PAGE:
That feels heretical even as I write it. I am still a sinner, but I do want to be sinless. I have God's Holy Spirit, but it doesn't always feel like it. And yet and yet...John and Paul, seem to state that, for the Christian, this reality has already dawned. We cannot continue to sin because we died to sin. (Romans 6:2) God has already planted his Holy Spirit within our hearts. Part of what I think John is trying to do is urge his readers to recognise the reality that Christ won for them on the cross - to recognise it and start living in the joy and wonder of it rather than endlessly talking thinking praying preaching about how to enter in to such a reality in the first place. There is a danger of preoccupation. There is a danger of continually striving to be in a place where we can love and give and do when the reality is that we are already in such a place and are missing out on the opportunities of loving, giving, doing.

If we understand the truth of being one with Christ, of being united with him and living in him, then we will not sin. Except that we will. But - in some sense - it is the old, dead part of us that is doing it. (Romans 7:17) Not the new, transformed me but the me that died with Jesus on the cross. This doesn't mean that sin isn's a struggle. It doesn't mean that we shouldn't work with the partnership of the Holy Spirit to stop doing the things that God doesn't want us to do (Romans 8:13), but it means that the starting place is different. When I sin, I am not being true to myself. I am not living in the reality that Jesus won for me. I have slipped back into something that I used to do but that isn't really part of who I am anymore. (Ephesians 4:20-24) This, I think, is why Paul continually uses the language of old self / new life. We are called to act like ourselves. When we sin, we are not behaving in a way that is true to who we are. It is a contradiction. So much of a contradition, in fact, that John can call it an impossibility. We cannot go on sinning: to do so would be to betray the reality that we have become part of, to deny the truth of the cross and all that Jesus won for us.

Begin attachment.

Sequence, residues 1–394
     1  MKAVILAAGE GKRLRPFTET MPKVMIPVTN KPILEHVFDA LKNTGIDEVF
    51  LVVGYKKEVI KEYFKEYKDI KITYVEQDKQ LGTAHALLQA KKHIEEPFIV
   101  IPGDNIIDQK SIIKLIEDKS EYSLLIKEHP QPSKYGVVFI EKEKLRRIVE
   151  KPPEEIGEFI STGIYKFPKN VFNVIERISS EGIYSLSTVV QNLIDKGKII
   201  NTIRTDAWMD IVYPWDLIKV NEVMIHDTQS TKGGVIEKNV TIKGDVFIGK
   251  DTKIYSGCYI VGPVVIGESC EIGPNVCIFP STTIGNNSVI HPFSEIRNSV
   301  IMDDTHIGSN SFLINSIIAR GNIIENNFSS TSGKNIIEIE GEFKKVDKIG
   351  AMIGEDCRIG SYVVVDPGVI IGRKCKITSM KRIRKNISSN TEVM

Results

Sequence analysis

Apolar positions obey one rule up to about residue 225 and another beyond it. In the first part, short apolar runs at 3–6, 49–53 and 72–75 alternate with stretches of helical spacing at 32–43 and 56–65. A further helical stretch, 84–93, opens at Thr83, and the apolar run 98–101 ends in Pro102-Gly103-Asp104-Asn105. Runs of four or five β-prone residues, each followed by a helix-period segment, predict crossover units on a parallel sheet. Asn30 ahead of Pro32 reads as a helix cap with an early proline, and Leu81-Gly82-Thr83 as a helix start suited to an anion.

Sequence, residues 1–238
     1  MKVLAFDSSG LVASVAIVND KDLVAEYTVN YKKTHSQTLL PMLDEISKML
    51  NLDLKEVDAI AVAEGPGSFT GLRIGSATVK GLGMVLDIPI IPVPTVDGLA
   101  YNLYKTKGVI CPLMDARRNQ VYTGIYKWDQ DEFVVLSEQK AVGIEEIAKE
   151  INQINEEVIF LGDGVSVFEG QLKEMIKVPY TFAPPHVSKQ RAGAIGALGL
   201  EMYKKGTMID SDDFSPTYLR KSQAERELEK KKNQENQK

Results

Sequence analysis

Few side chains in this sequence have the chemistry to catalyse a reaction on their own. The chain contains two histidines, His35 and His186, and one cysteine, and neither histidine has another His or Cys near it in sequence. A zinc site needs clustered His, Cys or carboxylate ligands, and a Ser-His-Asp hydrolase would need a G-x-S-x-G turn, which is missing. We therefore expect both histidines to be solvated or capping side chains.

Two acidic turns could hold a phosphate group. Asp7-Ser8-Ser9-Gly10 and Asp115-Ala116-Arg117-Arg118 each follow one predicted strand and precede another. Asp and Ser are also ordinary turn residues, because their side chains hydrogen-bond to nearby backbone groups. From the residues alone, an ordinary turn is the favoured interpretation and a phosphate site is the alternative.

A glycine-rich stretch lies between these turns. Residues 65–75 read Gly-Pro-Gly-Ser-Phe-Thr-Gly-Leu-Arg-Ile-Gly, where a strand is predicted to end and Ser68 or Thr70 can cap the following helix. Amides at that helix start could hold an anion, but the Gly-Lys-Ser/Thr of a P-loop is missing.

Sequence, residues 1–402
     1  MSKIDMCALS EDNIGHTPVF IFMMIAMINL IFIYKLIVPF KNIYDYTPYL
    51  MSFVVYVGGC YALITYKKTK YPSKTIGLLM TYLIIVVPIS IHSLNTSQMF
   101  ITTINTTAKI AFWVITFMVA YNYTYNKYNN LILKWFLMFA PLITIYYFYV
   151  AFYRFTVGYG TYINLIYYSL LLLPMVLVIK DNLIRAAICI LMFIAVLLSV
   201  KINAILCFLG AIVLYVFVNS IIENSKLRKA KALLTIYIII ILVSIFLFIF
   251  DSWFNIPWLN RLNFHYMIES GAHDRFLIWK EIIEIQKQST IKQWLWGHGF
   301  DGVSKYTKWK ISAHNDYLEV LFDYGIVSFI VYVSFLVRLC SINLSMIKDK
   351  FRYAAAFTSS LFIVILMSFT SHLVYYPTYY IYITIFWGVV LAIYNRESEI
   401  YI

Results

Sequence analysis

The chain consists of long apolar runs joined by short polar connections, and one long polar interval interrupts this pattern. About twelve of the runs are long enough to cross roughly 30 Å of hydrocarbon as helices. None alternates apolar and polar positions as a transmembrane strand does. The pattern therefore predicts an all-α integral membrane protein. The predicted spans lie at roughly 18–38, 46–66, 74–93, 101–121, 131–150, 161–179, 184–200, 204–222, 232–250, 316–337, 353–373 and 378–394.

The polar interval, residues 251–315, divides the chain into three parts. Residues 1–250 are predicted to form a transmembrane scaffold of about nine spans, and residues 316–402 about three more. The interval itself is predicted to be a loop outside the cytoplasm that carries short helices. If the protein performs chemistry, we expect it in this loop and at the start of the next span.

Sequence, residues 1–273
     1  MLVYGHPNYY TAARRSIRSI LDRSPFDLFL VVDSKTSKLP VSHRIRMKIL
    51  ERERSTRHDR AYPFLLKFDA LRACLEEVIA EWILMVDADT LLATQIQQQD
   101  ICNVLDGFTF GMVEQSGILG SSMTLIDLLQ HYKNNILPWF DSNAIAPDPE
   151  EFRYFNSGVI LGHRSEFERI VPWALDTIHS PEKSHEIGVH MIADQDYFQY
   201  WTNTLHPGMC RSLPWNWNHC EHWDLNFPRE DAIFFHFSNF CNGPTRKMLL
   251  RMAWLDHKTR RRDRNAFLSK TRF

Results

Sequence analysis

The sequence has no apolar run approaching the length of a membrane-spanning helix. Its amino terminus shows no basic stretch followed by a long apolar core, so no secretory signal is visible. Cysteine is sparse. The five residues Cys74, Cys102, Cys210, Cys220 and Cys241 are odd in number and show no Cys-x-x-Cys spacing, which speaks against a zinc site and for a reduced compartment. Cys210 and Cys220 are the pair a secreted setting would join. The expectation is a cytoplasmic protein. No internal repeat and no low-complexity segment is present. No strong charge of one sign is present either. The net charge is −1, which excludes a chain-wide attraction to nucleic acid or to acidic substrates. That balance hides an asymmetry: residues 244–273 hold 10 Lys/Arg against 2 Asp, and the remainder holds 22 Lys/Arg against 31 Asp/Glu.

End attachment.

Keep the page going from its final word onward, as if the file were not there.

Wednesday, 7 September 2016

1 John 3:3

All who have this hope in him purify themselves, just as he is pure.

What do you hope for?
A slightly fluffy vox pox question
from a guy with glasses and a shaky mic
who shuffles his feet on the sidewalk